An HR Manager Breaks Down Exactly What Your Cover Letter Should Include
Cover letters are one of the murkiest aspects of a job application, perhaps because what should go into one seems so broad; you likely have a range of experiences you want to fit into a single letter in the hopes of wooing a prospective employer. Creating the perfect cover letter is about being precise yet thorough and, ultimately, putting your best foot forward. It can be tempting to see a cover letter simply as a long-form version of your résumé, but it actually provides a much more exciting opportunity. Cover letters allow you to explain gaps in your résumé and speak to specific reasons you're seeking employment. Perhaps this is an employer whose work you’ve always followed—a cover letter is an opportunity to explain this.
Although it's true that cover letters take more time to put together than simply attaching a résumé, there are certain pieces of information you should always include in each, while other sections will get more into the nitty-gritty of the job at hand. We reached out to our very own HR manager here at Clique Media Group, Anne Kimsey, to see what she looks for when it comes to cover letters for graduates—and it turns out there are some precise dos and don’ts. Keep reading to see what one HR manager says about creating the perfect cover letter for graduates.
Original Illustration by Stephanie DeAngelis
Although Kimsey says she “doesn’t always require cover letters, nor do I always look at them,” it’s always best to include a cover letter when given an opportunity. If you’re applying to any type of position that involves writing, then it’s especially important to include a cover letter, not just for what it says, but for how it says it. Kimsey explains, “I like to require cover letters for editorial roles because they help me determine the writing skills and abilities of the candidate.”
When it comes to length, there’s one absolute rule: “Cover letters should always be less than one page, and they should be to the point.” The anatomy of the perfect cover letter, according to Kimsey, is made up of three paragraph, which she describes as the “most useful” form of a cover letter.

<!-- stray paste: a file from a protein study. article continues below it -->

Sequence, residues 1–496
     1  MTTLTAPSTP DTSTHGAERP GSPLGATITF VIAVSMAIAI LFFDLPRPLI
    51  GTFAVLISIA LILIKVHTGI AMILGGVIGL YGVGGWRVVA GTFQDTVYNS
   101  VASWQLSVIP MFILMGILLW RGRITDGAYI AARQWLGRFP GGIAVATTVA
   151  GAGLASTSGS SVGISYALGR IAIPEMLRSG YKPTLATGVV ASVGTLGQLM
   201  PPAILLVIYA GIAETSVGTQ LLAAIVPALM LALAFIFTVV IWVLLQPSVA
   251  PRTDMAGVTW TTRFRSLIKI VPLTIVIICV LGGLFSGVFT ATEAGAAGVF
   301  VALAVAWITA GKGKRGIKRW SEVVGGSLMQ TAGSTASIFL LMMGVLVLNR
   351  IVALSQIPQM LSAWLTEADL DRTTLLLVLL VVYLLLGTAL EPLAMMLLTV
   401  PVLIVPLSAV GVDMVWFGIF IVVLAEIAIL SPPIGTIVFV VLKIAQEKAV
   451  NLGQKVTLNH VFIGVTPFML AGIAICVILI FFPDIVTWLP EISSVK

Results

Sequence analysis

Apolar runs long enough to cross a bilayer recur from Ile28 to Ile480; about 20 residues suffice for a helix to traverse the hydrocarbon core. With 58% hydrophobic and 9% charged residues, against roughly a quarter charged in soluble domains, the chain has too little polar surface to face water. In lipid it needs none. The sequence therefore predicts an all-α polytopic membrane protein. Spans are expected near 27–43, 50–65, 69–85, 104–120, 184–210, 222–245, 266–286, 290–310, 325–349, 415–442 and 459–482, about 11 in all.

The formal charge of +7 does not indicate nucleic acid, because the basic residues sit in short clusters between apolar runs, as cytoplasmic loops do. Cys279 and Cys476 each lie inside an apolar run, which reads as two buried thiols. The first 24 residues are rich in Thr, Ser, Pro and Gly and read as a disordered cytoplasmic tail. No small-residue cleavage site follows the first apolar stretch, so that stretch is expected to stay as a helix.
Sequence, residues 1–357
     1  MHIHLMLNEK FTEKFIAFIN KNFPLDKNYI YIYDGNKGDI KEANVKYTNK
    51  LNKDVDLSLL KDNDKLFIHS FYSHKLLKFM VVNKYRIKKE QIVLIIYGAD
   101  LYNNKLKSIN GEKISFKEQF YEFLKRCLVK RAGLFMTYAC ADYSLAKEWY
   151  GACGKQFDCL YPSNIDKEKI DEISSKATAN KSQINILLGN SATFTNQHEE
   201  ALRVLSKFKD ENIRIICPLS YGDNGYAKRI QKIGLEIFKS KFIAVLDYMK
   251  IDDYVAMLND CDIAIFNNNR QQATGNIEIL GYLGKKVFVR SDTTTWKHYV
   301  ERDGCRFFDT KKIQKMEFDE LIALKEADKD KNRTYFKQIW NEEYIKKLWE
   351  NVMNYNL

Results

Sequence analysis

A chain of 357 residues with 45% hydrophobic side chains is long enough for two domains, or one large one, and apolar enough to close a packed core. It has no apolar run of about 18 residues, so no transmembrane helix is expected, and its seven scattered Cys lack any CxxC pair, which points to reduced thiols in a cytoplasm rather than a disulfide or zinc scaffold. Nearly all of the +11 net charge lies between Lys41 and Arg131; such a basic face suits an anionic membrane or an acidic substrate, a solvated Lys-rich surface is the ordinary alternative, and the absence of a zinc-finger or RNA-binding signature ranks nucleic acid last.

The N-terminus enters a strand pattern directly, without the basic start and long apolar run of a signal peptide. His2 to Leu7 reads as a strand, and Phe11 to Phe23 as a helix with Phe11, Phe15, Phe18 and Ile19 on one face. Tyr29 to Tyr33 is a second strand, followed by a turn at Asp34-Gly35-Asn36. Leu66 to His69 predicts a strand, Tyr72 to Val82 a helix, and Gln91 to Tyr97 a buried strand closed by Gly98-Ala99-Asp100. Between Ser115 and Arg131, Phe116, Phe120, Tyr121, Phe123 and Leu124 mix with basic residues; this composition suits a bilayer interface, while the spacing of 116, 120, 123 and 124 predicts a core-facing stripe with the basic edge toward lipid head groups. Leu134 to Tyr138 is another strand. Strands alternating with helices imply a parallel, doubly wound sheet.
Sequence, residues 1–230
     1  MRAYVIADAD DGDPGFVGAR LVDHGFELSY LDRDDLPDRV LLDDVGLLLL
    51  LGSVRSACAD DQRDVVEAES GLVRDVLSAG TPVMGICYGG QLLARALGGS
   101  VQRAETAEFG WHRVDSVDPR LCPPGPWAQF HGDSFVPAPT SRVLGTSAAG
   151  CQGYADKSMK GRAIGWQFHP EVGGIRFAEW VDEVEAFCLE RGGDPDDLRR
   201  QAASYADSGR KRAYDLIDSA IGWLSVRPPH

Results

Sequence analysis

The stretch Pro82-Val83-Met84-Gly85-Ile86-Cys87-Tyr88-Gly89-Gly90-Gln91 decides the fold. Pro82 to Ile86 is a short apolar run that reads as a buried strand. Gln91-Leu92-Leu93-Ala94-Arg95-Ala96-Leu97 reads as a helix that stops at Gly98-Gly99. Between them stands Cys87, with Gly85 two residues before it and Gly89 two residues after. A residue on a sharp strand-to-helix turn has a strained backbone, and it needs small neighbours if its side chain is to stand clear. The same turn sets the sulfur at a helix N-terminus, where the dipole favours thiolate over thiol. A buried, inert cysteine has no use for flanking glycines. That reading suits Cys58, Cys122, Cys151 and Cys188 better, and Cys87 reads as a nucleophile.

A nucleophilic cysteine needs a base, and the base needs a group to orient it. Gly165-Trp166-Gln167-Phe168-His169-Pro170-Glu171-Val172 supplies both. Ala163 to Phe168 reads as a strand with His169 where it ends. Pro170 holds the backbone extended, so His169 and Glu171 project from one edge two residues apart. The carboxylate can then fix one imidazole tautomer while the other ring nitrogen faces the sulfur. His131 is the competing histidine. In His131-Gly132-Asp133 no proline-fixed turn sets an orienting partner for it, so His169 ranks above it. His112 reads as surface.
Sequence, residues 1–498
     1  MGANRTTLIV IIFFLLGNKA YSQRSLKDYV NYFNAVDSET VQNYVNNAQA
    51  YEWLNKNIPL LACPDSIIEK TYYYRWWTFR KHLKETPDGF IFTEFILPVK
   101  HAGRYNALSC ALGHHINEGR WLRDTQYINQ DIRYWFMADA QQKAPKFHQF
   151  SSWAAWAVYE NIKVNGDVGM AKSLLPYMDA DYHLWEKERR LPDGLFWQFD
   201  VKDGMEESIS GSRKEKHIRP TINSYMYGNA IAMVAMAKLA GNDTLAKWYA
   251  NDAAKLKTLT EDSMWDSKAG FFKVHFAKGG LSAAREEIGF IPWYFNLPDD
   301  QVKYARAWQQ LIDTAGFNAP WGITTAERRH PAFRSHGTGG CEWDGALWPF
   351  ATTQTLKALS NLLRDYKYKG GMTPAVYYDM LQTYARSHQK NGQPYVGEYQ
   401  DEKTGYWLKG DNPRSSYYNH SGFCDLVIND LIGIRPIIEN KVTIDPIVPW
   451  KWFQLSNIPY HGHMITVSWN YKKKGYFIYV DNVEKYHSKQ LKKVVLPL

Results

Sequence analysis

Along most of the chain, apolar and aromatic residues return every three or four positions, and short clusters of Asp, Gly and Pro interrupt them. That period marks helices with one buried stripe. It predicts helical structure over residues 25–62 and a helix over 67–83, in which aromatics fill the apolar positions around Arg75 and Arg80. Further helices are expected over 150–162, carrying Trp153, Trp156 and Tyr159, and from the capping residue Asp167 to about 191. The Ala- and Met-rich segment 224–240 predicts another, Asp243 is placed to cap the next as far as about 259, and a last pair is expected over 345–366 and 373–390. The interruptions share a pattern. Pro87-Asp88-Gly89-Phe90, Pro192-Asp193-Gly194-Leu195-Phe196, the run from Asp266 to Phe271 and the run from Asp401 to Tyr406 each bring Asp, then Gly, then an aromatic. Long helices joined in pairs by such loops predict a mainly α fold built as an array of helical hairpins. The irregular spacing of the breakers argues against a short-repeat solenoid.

The intro paragraph should be about you. Explain any interests and career goals that are relevant to the position you’re applying for. This is an opportunity for the employer to learn a little bit about who you are.
The second paragraph will be the longest part of your cover letter—this is when you can get into the nitty-gritty of why you’re a great fit. Talk about your experience and qualifications, specifically how those qualifications relate to the job you’re applying for. Kimsey says, “Using words from the job description, or synonyms to words in the job description, are a great way to tie together the position and your experience.” Kimsey warns, “Don’t use the cover letter as a way to just repeat your résumé.” Instead, be sure to elaborate on what sets you apart from other candidates.
The third paragraph acts as a conclusion. This is where you’ll thank the employer for their consideration. There’s no reason to stretch this section to more than a couple sentences—be sure to keep it brief enough to have your cover letter stay on one page. Instead, use the majority of the page for your second paragraph.
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Up next, see the top skills employers look for when it comes to your résumé.